Journal of Seismology

, Volume 22, Issue 3, pp 805–814 | Cite as

Joint inversion of GNSS and teleseismic data for the rupture process of the 2017 Mw6.5 Jiuzhaigou, China, earthquake

  • Qi Li
  • Kai Tan
  • Dong Zhen Wang
  • Bin Zhao
  • Rui Zhang
  • Yu Li
  • Yu Jie Qi
Original Article


The spatio-temporal slip distribution of the earthquake that occurred on 8 August 2017 in Jiuzhaigou, China, was estimated from the teleseismic body wave and near-field Global Navigation Satellite System (GNSS) data (coseismic displacements and high-rate GPS data) based on a finite fault model. Compared with the inversion results from the teleseismic body waves, the near-field GNSS data can better restrain the rupture area, the maximum slip, the source time function, and the surface rupture. The results show that the maximum slip of the earthquake approaches 1.4 m, the scalar seismic moment is ~ 8.0 × 1018 N·m (Mw ≈ 6.5), and the centroid depth is ~ 15 km. The slip is mainly driven by the left-lateral strike-slip and it is initially inferred that the seismogenic fault occurs in the south branch of the Tazang fault or an undetectable fault, a NW-trending left-lateral strike-slip fault, and belongs to one of the tail structures at the easternmost end of the eastern Kunlun fault zone. The earthquake rupture is mainly concentrated at depths of 5–15 km, which results in the complete rupture of the seismic gap left by the previous four earthquakes with magnitudes > 6.0 in 1973 and 1976. Therefore, the possibility of a strong aftershock on the Huya fault is low. The source duration is ~ 30 s and there are two major ruptures. The main rupture occurs in the first 10 s, 4 s after the earthquake; the second rupture peak arrives in ~ 17 s. In addition, the Coulomb stress study shows that the epicenter of the earthquake is located in the area where the static Coulomb stress change increased because of the 12 May 2017 Mw7.9 Wenchuan, China, earthquake. Therefore, the Wenchuan earthquake promoted the occurrence of the 8 August 2017 Jiuzhaigou earthquake.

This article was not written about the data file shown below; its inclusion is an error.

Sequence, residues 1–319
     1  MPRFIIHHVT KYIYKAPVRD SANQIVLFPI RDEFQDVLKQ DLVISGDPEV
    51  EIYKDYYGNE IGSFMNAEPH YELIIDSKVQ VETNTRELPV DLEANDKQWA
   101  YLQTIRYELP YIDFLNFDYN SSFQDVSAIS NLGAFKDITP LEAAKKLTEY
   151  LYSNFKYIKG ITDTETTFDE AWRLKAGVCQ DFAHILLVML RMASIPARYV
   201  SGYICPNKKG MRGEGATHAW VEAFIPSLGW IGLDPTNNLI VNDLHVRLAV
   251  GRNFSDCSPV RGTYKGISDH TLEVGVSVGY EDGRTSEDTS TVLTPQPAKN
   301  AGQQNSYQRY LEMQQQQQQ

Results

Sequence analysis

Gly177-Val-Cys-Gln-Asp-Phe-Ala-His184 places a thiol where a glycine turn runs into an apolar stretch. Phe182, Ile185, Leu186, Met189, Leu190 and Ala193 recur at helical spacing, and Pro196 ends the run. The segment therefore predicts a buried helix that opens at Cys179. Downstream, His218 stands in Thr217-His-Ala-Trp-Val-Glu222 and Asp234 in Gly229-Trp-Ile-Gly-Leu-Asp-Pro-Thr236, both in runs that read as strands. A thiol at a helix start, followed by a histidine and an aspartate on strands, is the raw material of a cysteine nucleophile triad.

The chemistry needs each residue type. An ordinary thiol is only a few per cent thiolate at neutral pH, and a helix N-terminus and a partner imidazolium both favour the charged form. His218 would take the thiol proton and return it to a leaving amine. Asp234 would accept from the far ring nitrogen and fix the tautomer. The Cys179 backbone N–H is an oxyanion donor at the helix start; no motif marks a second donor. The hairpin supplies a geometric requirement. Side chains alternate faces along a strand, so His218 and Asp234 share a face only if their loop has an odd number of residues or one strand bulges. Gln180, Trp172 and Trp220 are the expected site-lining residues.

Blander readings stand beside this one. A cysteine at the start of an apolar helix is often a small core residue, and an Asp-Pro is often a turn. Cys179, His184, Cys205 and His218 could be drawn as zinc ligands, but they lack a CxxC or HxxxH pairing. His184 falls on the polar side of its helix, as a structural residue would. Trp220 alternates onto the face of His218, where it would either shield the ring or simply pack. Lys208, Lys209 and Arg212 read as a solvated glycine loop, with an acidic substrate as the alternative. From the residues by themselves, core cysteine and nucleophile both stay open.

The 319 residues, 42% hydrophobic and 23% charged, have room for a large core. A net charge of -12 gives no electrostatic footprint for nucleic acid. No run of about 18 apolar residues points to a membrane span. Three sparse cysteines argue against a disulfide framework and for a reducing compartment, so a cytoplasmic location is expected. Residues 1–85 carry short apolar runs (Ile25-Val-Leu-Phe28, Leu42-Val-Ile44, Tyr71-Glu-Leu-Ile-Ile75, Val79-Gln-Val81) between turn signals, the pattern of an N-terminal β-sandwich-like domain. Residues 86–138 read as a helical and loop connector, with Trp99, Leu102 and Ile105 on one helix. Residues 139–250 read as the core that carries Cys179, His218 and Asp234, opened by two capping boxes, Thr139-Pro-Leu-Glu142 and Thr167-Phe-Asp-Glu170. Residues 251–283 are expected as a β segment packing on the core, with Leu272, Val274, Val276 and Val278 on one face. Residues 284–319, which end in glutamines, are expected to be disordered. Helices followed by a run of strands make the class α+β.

Jiuzhaigou earthquake GNSS Earthquake rupture process Earthquake hazard 



Most of the figures were plotted using the Generic Mapping Tools (GMT) open-source collection of computer software tools, which is developed and maintained by Paul Wessel and Walter H. F. Smith. We acknowledge helpful comments and suggestions provided by two anonymous reviewers which improved the content of this paper.

Funding information

This research was supported by the Director Foundation of Institute of Seismology, China Earthquake Administration (Grant Nos. IS201116013, IS201506220), and National Natural Science Foundation of China (Grant Nos. 40974012, 41304019).


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Copyright information

© Springer Science+Business Media B.V., part of Springer Nature 2018

Authors and Affiliations

  • Qi Li
    • 1
  • Kai Tan
    • 1
  • Dong Zhen Wang
    • 1
  • Bin Zhao
    • 1
  • Rui Zhang
    • 2
  • Yu Li
    • 2
  • Yu Jie Qi
    • 1
  1. 1.Key Laboratory of Earthquake Geodesy, Institute of SeismologyChina Earthquake AdministrationWuhanChina
  2. 2.National Earthquake Infrastructure ServiceChina Earthquake AdministrationBeijingChina

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